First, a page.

# Fan Property Editor

To create a fan control object: Choose Get Force Fan from the Simulate toolbar, Get Primitive Control Object Fan from the other toolbars, or Create Force Fan from the Hair toolbar.

To redisplay this property editor: Select the fan object and press Enter.

A Fan force simulates the effect of a "local" wind blowing via a cylinder on other objects. The wind's direction follows with cylinder's axis, while wind's intensity falls off from the center to the cylinder's border, moving from bottom to top.

Fan has no effect on Soft body simulations.

For more information on forces in general, see Forces [ Simulation and Effects].

To use this force in an ICE tree, see Creating and Applying ICE Forces to ICE Simulations [ICE Guide].

See the parameters in the table below that match the letters in this image.

 Name The name of the force. Mute Toggles on/off the force effect. Velocity (C) Speed of the fan's force. Flow Viscosity The amount of resistance the simulated objects have to the fan's force. A fan force with low viscosity values makes the simulated objects resist motion more strongly, thereby slowing down their flow. Use Size Uses size of the simulated objects in the fan force's calculations. Radius (B) Radius of the fan's cylinder. Drop Length (A) Length of the fan's cylinder.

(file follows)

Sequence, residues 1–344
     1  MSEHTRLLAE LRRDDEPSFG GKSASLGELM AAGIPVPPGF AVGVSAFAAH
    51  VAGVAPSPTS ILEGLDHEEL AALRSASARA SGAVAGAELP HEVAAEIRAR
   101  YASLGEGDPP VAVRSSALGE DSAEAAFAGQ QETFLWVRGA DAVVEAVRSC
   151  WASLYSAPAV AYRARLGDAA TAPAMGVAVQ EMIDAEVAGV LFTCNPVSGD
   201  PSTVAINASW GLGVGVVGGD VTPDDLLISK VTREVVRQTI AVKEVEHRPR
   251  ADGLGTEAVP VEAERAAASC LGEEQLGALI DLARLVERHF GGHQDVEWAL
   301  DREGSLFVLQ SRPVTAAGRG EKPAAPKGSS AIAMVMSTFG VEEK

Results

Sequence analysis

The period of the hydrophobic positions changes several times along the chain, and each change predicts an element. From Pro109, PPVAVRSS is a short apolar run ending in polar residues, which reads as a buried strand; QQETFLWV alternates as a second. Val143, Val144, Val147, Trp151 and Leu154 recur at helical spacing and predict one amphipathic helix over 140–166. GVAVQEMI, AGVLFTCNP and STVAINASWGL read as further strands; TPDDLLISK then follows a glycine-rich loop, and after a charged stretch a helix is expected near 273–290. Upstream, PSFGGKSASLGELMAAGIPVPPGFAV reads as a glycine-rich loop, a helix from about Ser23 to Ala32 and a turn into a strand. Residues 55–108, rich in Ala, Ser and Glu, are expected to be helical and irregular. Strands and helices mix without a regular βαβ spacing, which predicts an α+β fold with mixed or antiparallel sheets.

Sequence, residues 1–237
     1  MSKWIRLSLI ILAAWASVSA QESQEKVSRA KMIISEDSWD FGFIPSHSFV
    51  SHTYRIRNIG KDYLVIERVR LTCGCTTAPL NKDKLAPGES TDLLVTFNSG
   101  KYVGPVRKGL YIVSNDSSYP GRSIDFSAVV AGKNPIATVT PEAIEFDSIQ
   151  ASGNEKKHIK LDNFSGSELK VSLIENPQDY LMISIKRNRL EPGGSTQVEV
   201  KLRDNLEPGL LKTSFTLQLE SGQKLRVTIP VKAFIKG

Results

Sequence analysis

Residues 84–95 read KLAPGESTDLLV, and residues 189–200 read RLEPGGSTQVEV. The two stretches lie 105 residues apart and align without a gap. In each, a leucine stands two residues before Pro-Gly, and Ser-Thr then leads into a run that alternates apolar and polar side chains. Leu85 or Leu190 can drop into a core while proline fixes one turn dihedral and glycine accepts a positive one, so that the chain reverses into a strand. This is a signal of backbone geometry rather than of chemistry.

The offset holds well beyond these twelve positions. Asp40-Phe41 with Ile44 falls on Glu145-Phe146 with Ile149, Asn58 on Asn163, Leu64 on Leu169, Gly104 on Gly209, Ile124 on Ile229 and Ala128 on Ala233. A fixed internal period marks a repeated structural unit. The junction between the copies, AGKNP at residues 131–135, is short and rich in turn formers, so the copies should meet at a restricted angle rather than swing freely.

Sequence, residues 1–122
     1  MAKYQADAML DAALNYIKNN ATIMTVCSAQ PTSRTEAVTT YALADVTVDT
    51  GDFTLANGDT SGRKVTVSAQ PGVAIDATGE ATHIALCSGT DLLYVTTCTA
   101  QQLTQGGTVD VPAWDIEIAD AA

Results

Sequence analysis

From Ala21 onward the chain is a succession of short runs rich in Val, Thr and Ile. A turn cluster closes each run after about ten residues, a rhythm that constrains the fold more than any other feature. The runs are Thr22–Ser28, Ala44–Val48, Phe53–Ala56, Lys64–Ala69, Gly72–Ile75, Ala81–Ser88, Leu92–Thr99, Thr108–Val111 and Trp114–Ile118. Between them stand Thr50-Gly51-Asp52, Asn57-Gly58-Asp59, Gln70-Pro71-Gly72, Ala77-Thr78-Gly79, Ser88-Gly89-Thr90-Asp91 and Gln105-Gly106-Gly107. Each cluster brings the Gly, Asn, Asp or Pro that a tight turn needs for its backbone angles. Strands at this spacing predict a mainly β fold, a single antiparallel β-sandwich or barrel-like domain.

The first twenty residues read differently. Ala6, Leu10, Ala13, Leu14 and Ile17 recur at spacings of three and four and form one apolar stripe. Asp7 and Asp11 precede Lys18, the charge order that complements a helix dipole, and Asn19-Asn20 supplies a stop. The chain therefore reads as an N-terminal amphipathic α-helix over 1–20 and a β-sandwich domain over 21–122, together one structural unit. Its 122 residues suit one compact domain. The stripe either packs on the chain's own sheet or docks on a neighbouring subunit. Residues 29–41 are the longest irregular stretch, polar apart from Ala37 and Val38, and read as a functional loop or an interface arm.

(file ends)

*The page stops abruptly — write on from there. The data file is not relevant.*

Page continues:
## Decay

 Radial Falloff (decay) along the fan's Radius starting from its center and moving to its outer edges. A value of 0 is no decay so a simulated object would have the same amount of influence on it throughout the radius of the cylinder. A value of 1 is a linear decay so the fan would have full influence at its center and less influence as the simulated object gets closer to the radius edge where its influence is 0. A value of 2 is the same as 1 except that it produces a quadratic, smooth falloff. Axial Falloff along the fan's cylinder axis starting from the point of its origin and moving to its end (Drop Length). A value of 0 is no decay so a simulated object would have the same amount of influence on it throughout the length of the cylinder. A value of 1 is a linear decay so the fan would have full influence at its origin and less influence as the simulated object gets closer to the end of the cylinder where its influence is 0. A value of 2 is the same as 1 except that it produces a quadratic, smooth falloff.